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Flashcard 1429115112716

Tags
#sister-miriam-joseph #trivium
Question
Understanding is the [...]. (For example, of contradictory statements, one must be true, the other false.)
Answer
intuitive grasp of first principles


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Understanding is the intuitive grasp of first principles. (For example, of contradictory statements, one must be true, the other false.)

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Flashcard 1429226786060

Tags
#cfa #cfa-level-1 #economics #microeconomics #reading-13-demand-and-supply-analysis-introduction #study-session-4
Question
In a perfectly competitive market (wheat market), at the current market price of wheat, if a farmer could helds out for a price above market price, he would not be able to sell any at all because all other farmers’ wheat is a perfect substitute for his, so no one would be willing to buy any of his at a higher price.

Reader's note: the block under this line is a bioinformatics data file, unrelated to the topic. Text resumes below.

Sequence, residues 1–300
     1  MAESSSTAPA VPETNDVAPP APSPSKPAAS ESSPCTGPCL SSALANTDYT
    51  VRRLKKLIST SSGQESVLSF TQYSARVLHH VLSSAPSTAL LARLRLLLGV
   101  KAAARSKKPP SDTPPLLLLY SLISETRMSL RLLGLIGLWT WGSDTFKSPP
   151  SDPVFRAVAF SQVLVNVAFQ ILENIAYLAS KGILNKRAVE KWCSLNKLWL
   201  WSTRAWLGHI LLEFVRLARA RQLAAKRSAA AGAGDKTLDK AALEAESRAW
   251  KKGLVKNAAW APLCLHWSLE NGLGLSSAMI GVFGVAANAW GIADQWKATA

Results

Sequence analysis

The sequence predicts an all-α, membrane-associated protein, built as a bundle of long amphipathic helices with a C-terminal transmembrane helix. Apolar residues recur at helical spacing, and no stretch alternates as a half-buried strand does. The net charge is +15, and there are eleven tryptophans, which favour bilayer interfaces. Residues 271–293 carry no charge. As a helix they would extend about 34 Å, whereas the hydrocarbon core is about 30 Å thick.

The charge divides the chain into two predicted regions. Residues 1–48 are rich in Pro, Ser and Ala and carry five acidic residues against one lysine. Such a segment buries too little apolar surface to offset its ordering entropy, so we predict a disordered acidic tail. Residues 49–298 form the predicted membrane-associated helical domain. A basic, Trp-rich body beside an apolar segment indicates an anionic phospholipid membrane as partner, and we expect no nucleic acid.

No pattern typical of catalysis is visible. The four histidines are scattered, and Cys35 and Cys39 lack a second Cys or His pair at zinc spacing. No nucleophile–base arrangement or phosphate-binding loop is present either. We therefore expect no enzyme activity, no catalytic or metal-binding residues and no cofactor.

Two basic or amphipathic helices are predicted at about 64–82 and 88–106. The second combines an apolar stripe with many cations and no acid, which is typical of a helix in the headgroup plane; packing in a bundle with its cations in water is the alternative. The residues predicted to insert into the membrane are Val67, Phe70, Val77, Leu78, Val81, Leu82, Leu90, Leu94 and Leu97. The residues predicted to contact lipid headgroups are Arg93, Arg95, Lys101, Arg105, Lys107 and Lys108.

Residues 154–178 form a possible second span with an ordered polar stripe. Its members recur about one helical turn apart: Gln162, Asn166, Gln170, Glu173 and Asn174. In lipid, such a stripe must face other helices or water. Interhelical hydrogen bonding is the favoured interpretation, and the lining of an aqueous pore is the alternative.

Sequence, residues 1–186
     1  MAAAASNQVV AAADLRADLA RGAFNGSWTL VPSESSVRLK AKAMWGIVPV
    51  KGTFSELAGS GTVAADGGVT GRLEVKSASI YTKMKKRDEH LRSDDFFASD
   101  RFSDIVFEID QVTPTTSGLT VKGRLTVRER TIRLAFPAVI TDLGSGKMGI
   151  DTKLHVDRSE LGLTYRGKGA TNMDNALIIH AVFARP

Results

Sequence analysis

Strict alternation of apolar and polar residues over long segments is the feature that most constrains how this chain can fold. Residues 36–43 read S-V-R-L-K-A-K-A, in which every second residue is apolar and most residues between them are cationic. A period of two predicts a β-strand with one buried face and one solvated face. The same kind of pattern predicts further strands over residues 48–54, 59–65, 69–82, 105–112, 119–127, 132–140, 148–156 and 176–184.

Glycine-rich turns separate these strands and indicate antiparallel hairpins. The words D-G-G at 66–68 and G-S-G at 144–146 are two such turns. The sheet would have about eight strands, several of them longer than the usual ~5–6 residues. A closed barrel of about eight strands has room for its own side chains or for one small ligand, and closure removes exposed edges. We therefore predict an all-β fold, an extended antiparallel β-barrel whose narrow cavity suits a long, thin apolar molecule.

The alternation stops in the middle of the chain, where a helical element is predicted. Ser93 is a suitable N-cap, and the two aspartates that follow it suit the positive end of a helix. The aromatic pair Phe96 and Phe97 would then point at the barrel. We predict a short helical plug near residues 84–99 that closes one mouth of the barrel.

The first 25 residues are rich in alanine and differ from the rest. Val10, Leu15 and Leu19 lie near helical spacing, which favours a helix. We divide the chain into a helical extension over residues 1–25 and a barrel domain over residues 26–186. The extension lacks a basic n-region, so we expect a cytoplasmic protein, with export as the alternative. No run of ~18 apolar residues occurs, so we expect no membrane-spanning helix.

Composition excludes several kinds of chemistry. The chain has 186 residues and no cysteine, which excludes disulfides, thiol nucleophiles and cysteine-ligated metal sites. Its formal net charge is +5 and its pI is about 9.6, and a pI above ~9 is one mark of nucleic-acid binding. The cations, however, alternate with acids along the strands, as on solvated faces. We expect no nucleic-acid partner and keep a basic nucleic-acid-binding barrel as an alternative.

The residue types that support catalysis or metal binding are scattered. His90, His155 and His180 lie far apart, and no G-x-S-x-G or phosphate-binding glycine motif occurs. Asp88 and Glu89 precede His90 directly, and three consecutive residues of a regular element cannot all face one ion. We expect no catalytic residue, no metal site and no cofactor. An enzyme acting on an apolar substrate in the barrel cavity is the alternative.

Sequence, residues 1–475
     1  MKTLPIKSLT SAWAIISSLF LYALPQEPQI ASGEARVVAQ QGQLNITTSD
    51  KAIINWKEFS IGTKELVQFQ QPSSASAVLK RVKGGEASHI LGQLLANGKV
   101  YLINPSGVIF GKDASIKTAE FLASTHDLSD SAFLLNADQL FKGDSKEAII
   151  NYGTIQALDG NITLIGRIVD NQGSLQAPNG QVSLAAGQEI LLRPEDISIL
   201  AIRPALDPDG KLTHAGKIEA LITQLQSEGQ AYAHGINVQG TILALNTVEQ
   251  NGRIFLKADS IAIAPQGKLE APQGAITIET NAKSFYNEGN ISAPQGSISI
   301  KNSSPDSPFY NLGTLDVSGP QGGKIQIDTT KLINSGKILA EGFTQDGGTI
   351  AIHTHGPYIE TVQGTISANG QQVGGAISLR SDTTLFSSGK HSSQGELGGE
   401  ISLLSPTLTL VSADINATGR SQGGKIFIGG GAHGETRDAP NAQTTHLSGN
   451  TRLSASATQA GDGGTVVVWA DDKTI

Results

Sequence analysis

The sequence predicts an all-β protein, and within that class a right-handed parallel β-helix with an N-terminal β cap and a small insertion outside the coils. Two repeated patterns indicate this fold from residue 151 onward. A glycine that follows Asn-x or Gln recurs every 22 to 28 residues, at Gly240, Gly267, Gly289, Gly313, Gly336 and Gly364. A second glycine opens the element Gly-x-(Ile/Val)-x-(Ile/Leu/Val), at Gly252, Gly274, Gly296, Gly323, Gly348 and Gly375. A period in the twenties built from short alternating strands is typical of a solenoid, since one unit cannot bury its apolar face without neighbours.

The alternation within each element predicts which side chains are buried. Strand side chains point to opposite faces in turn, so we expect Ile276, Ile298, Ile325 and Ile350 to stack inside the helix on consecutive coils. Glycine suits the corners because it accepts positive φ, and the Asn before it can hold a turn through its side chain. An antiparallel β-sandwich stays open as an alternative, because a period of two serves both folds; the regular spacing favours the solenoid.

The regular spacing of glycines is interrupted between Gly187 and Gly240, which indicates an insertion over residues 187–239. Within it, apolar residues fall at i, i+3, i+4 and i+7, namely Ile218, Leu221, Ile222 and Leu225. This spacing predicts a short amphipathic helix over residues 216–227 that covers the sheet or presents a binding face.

In this case, we would say that the demand curve facing a perfectly competitive seller is [...]


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e to sell any at all because all other farmers’ wheat is a perfect substitute for hers, so no one would be willing to buy any of hers at a higher price. In this case, we would say that the demand curve facing a perfectly competitive seller is <span>perfectly elastic .<span><body><html>

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4.1. Own-Price Elasticity of Demand